Homeland Security Steps Up Secret Service Prostitution Scandal Oversight

DHS officials announce "comprehensive review" after ABC News report.

May 1, 2012 — -- The Department of Homeland Security's independent watchdog agency has stepped up its oversight of the Secret Service's investigation into the Colombia prostitution scandal.

A DHS official emailed ABC News Monday on behalf of acting Inspector General Charles Edwards to say that late last week the agency "notified the USSS of our intent to conduct a comprehensive review of this matter."

The email followed an ABC News report that revealed that the inspector general's office had taken a back seat in the probe -- leaving the Secret Service's own internal affairs division in control of the investigation into the conduct of its agents during what has been described as an alcohol-fueled night of partying in Colombia.

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Normally, allegations that Homeland Security employees engaged in serious misconduct are a matter for the Inspector General's office to look into. But the agency previously told ABC News that it would instead be monitoring the Secret Service review.

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The approach appeared to be the result of a special carve-out for the Secret Service forged a decade ago -- setting it apart from the standard described in a 2009 internal DHS memo, which specifically asserts that the Inspector General is "statutorily responsible for conducting and coordinating all investigations" of wrongdoing by other Homeland Security employees.

Sen. Charles Grassley told ABC News he was not comfortable allowing the Secret Service's own agents to oversee the investigation, especially because it remains unclear whether the raucous behavior in Colombia was a one-time lapse or the sign of a broad systemic problem.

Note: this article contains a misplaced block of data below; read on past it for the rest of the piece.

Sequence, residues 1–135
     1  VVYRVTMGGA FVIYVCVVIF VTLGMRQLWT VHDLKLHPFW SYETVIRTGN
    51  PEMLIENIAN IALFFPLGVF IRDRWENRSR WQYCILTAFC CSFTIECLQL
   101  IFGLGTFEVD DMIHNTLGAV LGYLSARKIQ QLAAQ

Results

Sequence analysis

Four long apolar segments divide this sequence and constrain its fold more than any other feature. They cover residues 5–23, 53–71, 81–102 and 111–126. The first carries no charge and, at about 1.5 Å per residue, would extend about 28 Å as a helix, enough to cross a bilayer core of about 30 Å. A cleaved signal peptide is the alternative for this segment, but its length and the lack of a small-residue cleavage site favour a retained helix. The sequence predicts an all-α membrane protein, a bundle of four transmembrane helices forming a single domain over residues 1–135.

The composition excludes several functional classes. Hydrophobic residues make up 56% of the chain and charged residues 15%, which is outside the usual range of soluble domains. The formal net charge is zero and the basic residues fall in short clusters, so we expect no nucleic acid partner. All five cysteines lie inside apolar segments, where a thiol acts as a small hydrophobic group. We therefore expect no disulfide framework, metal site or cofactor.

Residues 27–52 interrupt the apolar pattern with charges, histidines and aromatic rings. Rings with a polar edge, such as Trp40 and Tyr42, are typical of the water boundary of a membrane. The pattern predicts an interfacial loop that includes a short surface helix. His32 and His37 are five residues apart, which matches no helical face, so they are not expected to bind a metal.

"An investigation by the agency's own Office of Professional Responsibility is necessary, but it doesn't provide transparent, independent oversight without an Inspector General's outside perspective," the Iowa Republican said Wednesday. "There's too much at stake to leave any doubts that an independent investigation wasn't conducted."

In an email to ABC News Monday, Edwards said the agency had enhanced its role in the review. In addition to monitoring the Secret Service effort, the Homeland Security investigators and inspectors would also begin their own independent look back at events.

"Last week, with the initial stages of the USSS [U.S. Secret Service] internal investigation nearing completion, we notified the USSS of our intent to conduct a comprehensive review of this matter," the email said. " As we notified the USSS last week, [the Office of Inspector General's] field work is beginning immediately."

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The announcement of a comprehensive review comes after independent watchdog agency had been sending mixed signals about what its role would be in the probe.

When Homeland Security Secretary Janet Napolitano testified on Capitol Hill last week, she told Grassley there is a standing agreement -- "a memorandum of understanding" -- between the Secret Service and the Inspector General that governs how internal investigations are conducted. "In these types of cases, where there is alleged misconduct, [the Inspector General] actually supervises the investigation but they use the investigatory resources of the Secret Service. That's how we are managing this one."

That is not, however, how the Inspector General's office described the arrangement in response to questions from ABC News last Wednesday, in an exchange that occurred after Napolitano gave her answer to the Senate.

Spokeswoman Rachael Norris told ABC News that the Inspector General is "closely monitoring" the Secret Service's investigation and will review it when it has been completed.

"We're monitoring their internal investigation at this time," Norris said. "We are not conducting an additional investigation at this time."

The Inspector General's subordinate apparently dated to 2003, when the Secret Service was moved from the Department of Treasury into the newly created Homeland Security department. Both the Secret Service and the Coast Guard, which was moved from the Transportation Department to DHS the same year, retained their internal investigative powers.

On Monday, however, the agency said the only reason it did not launch its own, independent probe was because the Secret Service already had investigators on the ground in Colombia.

"In our oversight capacity, and in recognition that there were already USSS Office of Professional Responsibility investigators on the ground in Colombia, we determined that the USSS was best positioned to immediately initiate the investigation with the full understanding that they would keep OIG informed as the investigation progressed," Edwards said. "We have maintained close contact with the USSS, coordinating with them as their internal investigation continued."

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